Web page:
Towering tree with network of overhead trails will be visible almost immediately to visitors as they enter African Forest exhibit, which encompasses four acres of naturalistic habitat for the gorillas, bonobos, mandrills and lemurs that will call it home.
Two western lowland gorillas paused while sunbathing Monday to glance at a 48-foot tall steel, woven cable mesh and sprayed concrete Kapok tree reaching skyward nearby what soon will become the signature centerpiece of the new African Forest exhibit at the Jacksonville Zoo and Gardens.
The gorillas went back to basking, apparently satisfied at the progress of the human primates building the first-of-its-kind zoo structure — a combination observation tower for zookeepers and researchers that also incorporates multiple wellness and enrichment features for the animals — in the heart of the Great Apes Loop.
Crowned with an umbrella-shaped 45-foot-wide canopy, the towering replica of the tropical tree will be hollow, boasting a spiral staircase inside the massive trunk that will be accessible only to zookeepers and researchers.
"Every part of this. Every limb, every handhold is designed for the animals first and then we make it to accommodate the keepers," said Cullen Richart, the zoo facilities manager overseeing the construction project.
The stairs will lead to a series of specially designed mesh covered viewing portals, called "think pods," at varying heights where zookeepers and scientists can discreetly study, or interact with the animals via specially designed windows.
"It is the signature piece of this exhibit. It's really going to stand out in people's minds as being really cool, really unique," Tony Vecchio, the zoo's executive director, said of the huge tree being built at an estimated cost of about $1 million.
"The tree is just a key piece. We're building it as we design it," Vecchio said of the unique structure created from a tailor-made design developed by zoo staff to enhance the wellness of the animals while also engaging human visitors at viewing areas.
The towering tree with its network of overhead trails will be visible almost immediately to visitors as they enter the African Forest exhibit, which encompasses four acres of naturalistic habitat for the gorillas, bonobos, mandrills and lemurs that will call it home.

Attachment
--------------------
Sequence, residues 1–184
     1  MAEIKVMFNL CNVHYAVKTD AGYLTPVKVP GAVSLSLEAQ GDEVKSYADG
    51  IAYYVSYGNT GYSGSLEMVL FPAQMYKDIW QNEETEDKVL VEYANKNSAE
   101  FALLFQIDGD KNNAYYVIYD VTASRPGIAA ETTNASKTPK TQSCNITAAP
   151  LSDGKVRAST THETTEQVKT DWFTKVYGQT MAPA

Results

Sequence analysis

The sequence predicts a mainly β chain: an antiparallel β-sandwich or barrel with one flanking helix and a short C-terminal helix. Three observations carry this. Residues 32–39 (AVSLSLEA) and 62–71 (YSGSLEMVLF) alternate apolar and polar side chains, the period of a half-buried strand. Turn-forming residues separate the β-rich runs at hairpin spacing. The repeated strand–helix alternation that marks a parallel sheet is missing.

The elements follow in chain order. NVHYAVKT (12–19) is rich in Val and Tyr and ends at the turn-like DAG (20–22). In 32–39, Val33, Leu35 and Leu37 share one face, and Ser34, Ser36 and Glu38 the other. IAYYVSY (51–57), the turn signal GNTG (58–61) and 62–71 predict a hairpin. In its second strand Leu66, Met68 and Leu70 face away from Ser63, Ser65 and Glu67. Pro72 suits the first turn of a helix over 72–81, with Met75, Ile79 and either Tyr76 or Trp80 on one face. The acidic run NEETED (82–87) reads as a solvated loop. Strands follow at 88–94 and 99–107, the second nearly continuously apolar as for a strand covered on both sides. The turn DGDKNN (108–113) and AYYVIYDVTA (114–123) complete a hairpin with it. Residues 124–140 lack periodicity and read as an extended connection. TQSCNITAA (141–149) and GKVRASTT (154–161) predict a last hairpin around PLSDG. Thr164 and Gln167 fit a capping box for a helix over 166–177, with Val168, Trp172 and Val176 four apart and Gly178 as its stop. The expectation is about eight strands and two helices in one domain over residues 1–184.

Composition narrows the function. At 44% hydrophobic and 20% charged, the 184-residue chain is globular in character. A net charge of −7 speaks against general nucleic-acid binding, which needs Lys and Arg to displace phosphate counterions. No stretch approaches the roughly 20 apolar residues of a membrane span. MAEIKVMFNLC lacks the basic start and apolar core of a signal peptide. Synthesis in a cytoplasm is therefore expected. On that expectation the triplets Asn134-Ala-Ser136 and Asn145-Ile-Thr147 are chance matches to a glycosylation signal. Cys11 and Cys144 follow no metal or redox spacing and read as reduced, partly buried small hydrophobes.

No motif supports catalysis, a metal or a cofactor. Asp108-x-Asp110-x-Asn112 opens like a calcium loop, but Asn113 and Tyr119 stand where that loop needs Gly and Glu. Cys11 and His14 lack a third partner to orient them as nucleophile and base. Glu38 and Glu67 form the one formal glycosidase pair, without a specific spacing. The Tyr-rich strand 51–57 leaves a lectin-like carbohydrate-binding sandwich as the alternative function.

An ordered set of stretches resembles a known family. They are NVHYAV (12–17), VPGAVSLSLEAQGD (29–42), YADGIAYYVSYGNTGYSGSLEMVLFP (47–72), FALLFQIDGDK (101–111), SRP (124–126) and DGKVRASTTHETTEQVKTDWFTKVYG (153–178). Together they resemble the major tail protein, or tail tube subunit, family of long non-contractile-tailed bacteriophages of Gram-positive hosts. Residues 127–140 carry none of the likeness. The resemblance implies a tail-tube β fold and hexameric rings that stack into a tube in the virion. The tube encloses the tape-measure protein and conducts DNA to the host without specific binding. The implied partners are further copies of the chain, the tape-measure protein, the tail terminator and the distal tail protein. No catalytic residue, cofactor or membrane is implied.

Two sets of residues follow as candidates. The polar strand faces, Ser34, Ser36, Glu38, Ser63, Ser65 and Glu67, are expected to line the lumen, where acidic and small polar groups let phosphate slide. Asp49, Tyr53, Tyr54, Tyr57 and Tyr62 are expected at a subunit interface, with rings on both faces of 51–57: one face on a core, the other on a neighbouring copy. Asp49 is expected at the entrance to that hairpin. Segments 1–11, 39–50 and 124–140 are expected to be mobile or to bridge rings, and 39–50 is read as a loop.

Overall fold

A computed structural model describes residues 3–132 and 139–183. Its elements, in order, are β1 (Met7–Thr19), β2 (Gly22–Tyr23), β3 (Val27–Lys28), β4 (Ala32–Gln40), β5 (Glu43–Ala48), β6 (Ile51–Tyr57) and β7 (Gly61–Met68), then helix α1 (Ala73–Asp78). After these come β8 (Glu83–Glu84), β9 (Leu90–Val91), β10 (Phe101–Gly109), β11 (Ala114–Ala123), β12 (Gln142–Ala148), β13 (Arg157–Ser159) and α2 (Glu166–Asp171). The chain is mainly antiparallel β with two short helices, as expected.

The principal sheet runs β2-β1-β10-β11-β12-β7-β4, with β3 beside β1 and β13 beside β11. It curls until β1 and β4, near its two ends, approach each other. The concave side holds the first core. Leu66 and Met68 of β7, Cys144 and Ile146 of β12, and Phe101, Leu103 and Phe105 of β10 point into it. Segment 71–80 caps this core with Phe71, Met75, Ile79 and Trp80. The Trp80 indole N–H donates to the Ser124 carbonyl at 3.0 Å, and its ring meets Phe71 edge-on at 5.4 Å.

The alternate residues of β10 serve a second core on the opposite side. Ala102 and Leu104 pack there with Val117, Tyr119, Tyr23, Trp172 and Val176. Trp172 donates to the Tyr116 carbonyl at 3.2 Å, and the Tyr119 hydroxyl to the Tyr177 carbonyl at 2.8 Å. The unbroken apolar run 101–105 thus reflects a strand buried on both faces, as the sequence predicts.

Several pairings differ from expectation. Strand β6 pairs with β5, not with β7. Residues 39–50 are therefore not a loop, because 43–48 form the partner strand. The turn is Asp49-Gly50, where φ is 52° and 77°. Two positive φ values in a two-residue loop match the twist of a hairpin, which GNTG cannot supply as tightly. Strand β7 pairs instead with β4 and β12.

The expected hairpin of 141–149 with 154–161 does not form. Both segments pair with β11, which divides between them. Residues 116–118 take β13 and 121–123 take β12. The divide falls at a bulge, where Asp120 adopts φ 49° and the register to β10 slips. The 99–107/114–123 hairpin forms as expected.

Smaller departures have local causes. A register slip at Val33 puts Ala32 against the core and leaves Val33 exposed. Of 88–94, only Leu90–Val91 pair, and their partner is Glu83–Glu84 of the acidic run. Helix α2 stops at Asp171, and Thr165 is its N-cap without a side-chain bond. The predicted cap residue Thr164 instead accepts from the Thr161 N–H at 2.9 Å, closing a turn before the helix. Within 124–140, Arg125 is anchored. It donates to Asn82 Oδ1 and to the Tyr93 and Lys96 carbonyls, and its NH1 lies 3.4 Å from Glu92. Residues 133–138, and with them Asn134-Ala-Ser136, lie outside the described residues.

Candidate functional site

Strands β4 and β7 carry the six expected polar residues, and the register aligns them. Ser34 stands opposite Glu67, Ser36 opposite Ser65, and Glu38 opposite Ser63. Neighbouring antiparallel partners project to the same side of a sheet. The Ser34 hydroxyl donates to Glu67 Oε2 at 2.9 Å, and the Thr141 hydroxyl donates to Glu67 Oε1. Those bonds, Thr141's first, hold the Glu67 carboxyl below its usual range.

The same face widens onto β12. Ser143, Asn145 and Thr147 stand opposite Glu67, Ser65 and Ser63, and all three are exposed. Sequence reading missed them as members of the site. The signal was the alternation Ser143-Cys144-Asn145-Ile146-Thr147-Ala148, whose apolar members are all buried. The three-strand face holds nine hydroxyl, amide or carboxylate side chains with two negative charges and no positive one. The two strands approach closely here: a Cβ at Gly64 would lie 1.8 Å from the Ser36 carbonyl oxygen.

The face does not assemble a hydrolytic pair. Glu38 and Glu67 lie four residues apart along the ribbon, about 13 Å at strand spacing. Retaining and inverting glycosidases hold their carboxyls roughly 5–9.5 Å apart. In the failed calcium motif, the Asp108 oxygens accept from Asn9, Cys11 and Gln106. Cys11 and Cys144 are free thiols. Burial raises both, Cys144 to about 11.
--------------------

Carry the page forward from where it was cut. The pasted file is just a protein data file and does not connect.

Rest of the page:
Projected at a cost of $9 million, the African Forest exhibit — expected to open in a few months — replaces the nearly 20-year-old Great Apes Loop, which was one of the zoo's most popular, albeit outdated, exhibits.
Donations are paying for the project.
The zoo raised $8.4 million in an ongoing capital fundraising campaign. It's seeking contributions for the remaining $600,000, Vecchio said.
The African Forest incorporates a wellness-inspired design. The exhibit will feature an overhead trail system covered in see-through mesh to allow the zoo's seven gorillas and dozen bonobos to leave their main habitat, explore and make choices in activities intended to enrich them.
The gorillas and bonobos will share the tree, but won't be together when they use it.
Bonobos get along well with each other but don't play well with gorillas. So, the gorillas and bonobos will take turns on the trails and at the tree. Each time people visit the exhibit, they might see different animals at various times of the day.
The trail system is modeled after the zoo's popular Land of the Tiger exhibit.
The design components support the concept of animal wellness, which modern zoos around the world have embraced. Animal wellness is more than the practice of humane treatment and care. It emphasizes ways to provide enrichment through environmental stimulation and challenges to keep the animals active and help them thrive.